GAO: Most sensitive data on government laptops still unencrypted
Watchdog agency says only 30% of such info was encrypted as of last September
IDG News Service - Despite a series of high-profile data breaches at federal agencies in recent years, only about 30% of the sensitive information stored on laptops and mobile devices used by federal workers was encrypted as of last September, according to a report issued by the Government Accountability Office.
The GAO, which released the report to the public today (download PDF), examined the use of encryption technology at 24 major agencies. The federal watchdog defined several types of data as sensitive, including medical records, other personal information, law enforcement records and information deemed to be essential for homeland security purposes.
"While all agencies have initiated efforts to deploy encryption technologies, none had documented comprehensive plans to guide encryption implementation activities," the GAO said in the report. "As a result, federal information may remain at increased risk of unauthorized disclosure, loss, and modification."
The report follows a string of security mishaps involving government-issued laptops. The biggest occurred in May 2006, when the Department of Veterans Affairs reported that a laptop and hard drive containing the personal information of 26.5 million military veterans and active-duty personnel had been stolen from the home of an agency employee. Law enforcement officers recovered the hardware the following month, and the VA began encrypting the data on all of its PCs, handheld devices and smart phones later that year.
But the VA has had plenty of company. Last year, for example, the GAO reported that 490 laptops were lost or stolen from the Internal Revenue Service between early 2003 and mid-2006. Many of those laptops likely contained the personal data of U.S. taxpayers, according to a separate report by an auditor at the IRS.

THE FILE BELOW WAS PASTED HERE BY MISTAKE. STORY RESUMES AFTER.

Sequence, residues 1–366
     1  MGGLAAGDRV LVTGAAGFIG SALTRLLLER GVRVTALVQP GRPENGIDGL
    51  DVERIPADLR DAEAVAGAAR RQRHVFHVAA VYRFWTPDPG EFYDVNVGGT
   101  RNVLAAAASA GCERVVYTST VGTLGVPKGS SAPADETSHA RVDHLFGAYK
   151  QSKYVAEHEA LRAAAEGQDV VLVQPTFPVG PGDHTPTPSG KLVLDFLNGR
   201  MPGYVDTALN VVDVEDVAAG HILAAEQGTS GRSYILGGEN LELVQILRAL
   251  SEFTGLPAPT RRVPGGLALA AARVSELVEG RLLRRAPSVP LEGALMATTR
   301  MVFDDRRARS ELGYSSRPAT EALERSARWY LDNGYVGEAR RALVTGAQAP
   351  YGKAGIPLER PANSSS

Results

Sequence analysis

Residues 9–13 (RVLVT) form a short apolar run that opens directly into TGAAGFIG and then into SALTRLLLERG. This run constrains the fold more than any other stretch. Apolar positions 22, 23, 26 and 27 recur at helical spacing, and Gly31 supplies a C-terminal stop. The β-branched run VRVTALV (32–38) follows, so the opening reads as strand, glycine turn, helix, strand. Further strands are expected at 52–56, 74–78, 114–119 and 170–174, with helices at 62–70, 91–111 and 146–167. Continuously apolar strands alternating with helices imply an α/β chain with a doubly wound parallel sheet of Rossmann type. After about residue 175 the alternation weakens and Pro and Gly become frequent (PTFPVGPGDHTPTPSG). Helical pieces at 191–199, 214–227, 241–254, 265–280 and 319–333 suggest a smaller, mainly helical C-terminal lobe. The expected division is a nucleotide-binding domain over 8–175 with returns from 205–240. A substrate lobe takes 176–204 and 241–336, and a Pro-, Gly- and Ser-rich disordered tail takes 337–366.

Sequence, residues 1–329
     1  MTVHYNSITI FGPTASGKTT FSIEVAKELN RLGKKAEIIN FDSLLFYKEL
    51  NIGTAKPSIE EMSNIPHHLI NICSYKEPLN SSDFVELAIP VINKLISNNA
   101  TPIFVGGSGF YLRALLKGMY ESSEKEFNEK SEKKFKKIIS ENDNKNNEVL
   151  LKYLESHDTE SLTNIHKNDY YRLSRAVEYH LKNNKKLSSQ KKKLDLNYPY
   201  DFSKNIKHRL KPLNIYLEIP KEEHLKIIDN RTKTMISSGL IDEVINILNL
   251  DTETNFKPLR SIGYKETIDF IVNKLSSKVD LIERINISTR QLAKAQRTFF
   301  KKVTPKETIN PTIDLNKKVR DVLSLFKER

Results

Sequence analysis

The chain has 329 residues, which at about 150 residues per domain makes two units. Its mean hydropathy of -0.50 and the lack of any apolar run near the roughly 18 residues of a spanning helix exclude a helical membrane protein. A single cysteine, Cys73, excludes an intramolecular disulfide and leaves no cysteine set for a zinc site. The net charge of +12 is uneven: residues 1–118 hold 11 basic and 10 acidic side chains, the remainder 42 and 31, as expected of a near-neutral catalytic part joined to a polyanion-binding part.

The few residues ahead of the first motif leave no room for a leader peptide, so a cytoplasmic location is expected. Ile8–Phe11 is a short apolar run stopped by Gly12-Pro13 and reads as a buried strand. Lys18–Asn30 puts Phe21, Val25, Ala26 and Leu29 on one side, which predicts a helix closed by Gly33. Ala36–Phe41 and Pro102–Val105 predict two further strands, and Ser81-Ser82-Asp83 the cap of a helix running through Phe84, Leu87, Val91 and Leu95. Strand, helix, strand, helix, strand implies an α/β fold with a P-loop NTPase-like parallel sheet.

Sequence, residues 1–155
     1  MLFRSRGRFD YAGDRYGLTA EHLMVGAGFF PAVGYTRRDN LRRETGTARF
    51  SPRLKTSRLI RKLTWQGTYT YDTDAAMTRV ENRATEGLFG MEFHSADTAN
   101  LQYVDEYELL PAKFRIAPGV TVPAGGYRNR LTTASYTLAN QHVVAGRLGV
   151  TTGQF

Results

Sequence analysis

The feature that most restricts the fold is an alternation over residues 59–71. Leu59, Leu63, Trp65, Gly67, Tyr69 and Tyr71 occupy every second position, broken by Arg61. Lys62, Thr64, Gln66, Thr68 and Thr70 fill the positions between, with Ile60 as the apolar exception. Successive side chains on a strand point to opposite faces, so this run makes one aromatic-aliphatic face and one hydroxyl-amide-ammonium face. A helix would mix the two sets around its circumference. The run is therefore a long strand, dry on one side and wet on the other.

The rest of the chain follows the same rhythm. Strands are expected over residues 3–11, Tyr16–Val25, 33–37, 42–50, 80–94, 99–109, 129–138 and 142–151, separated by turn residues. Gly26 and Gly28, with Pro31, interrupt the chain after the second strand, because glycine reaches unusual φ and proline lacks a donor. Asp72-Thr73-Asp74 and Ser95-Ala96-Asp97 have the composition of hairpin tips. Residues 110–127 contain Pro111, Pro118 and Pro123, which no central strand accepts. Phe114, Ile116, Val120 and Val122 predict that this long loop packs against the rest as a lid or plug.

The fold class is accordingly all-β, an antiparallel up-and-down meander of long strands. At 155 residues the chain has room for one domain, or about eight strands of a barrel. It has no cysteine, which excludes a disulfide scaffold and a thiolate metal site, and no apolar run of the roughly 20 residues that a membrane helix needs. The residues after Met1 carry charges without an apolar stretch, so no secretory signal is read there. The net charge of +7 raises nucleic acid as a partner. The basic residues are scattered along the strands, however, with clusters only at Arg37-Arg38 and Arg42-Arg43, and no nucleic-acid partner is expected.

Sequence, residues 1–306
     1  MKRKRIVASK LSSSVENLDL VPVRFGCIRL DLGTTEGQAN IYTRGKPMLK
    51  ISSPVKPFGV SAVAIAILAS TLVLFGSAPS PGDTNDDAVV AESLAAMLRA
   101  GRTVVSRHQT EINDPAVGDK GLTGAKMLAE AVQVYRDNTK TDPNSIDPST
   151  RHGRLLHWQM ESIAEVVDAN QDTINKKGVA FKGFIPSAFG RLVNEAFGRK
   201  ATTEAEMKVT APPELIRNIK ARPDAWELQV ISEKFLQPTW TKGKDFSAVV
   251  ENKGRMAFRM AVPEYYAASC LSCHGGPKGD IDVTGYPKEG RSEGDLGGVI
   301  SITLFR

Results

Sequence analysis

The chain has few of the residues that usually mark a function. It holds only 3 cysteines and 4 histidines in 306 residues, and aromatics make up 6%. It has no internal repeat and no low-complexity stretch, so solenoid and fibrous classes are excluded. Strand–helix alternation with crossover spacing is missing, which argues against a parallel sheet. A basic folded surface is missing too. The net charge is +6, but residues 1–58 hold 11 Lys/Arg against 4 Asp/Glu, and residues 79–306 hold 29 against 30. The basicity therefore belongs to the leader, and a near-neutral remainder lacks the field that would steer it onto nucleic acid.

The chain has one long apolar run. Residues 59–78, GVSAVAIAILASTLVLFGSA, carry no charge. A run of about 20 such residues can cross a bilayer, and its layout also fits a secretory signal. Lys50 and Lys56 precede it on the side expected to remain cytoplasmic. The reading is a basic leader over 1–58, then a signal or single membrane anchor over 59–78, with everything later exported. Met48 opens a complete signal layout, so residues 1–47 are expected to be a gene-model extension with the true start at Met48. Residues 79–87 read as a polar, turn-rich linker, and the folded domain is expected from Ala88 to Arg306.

In another example, the Department of Commerce reported in September 2006 that 1,137 of its laptops had been lost or stolen since 2001, with 249 of them containing some personal data.
The GAO's new report notes that several laws, including the Federal Information Security Management Act of 2002, require agencies to protect their data. In addition, the White House Office of Management and Budget (OMB) first recommended in 2006, then required in May of last year, that agencies encrypt all sensitive data stored on mobile computers.
Following the lead of the VA, federal agencies have been increasing their encryption efforts. But two members of the House Homeland Security Committee said this week that they're disappointed with the progress being made by agencies, based on the GAO's findings.
"Encryption is not an option, it is a mandate," Rep. Bennie Thompson (D-Miss.) said in a statement. "Unfortunately, I'm not surprised that despite mandates by OMB, the federal government is only 30% of the way there." Thompson, the Homeland Security Committee's chairman, added that investing properly in cybersecurity now "will keep us from paying dearly in the long run."
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